Why does everyone want to complicate this?
Get your mini-guitar. Take off the low E-string. Remove the bridge saddle and the machine head for that string to eliminate rattle. Leave the extra empty space on the bass side as it is - it will allow you to do low push bends on your lowest string. #Now re-tune the instrument G-D-A-E-b or G-D-A-E-a - you'll need to change some of the gauges. You can use these as a suggestion for gauges and adjust to your own preferences: .048G - .036D - .022A or .024A -.014E - 0.10 (a or b).
The usual 19" mini-guitar scale length will give you better tone but increase the stretches. You can capo up a fret or two to shorten the scale (keep the GDAE tuning at the capoed position) or install a new nut, but I wouldn't go much shorter than 17".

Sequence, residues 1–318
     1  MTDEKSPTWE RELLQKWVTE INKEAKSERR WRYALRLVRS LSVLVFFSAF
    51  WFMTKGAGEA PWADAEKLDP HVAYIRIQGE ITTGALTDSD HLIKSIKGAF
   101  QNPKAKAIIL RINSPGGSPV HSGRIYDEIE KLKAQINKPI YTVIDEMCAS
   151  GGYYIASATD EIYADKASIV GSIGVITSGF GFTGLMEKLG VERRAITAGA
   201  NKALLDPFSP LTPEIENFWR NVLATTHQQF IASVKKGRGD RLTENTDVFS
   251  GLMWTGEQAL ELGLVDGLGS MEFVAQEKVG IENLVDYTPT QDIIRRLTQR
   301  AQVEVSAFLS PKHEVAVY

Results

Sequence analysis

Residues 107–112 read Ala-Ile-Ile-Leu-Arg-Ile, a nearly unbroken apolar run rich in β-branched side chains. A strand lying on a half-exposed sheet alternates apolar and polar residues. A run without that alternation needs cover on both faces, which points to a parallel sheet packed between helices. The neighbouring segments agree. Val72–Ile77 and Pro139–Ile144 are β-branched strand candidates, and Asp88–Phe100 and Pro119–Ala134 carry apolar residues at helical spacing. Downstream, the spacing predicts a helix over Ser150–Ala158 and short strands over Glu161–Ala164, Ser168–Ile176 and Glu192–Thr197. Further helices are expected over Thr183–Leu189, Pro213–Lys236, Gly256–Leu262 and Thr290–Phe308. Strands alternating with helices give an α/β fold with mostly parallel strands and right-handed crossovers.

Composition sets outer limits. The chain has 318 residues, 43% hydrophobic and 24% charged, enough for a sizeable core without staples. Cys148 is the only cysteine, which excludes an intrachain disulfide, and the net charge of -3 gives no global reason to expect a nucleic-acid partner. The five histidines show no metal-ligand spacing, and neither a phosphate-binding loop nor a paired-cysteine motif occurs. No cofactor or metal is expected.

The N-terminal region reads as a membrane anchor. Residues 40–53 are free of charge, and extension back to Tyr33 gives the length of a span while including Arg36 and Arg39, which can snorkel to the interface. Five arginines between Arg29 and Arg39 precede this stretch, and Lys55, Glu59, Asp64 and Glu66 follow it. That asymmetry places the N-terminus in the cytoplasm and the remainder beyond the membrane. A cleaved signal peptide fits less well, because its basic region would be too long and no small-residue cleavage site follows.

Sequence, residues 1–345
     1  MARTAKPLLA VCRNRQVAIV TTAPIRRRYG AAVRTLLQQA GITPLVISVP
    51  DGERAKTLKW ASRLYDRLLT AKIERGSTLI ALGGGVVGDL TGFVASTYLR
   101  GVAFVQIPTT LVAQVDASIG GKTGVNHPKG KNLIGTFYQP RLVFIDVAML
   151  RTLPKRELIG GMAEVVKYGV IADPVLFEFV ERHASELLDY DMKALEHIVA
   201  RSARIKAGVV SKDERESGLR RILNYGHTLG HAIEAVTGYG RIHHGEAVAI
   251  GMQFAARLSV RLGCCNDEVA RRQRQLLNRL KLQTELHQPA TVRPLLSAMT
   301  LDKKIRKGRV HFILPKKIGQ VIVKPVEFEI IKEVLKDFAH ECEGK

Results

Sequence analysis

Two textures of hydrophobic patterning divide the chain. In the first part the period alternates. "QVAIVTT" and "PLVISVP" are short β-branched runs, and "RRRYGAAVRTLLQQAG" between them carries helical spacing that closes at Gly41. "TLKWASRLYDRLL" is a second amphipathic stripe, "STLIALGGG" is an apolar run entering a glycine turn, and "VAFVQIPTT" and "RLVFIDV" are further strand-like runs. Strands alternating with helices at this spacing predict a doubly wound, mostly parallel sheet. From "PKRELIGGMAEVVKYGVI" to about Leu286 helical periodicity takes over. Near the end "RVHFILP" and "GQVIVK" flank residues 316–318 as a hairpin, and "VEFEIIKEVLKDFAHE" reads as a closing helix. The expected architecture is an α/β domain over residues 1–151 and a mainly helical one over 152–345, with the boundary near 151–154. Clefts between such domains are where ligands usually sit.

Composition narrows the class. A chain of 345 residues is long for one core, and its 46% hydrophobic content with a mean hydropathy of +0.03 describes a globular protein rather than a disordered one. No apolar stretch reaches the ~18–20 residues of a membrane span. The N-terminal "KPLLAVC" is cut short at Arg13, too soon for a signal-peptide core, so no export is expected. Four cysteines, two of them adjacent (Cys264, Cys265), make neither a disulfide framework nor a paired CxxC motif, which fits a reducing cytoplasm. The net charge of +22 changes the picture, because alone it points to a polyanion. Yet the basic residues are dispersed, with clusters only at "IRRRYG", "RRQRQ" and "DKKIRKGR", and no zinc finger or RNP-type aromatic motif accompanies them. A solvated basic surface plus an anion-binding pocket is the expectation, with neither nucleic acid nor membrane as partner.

If the string spacing is too close/tight, woul can shift some of the string slots over to the bass side (equal spacing).
Look people, it's just a tuning!. #You can do the same thing with a Strat or SG or any regular electric guitar if the longer scale doesn't bother you.
Call it an electric tenor guitar, or make up some bs about using "Keith Richards tuning" or "Ry Cooder tuning". Don't even bring up the "M" word! You'll most likely be automatically pigeonholed into the "Rocky Top" yee-haw function. Electric players (rock, blues, etc) can be just as closeminded as any hard core Scruggs banjoist when it comes to anything deviating from the "normal" instrumentation.
I wrote an article in Mandocrucian's Digest #13 on mini-guitar conversions. Back issues are still available for $3.00 plus postage. (See catalog link below)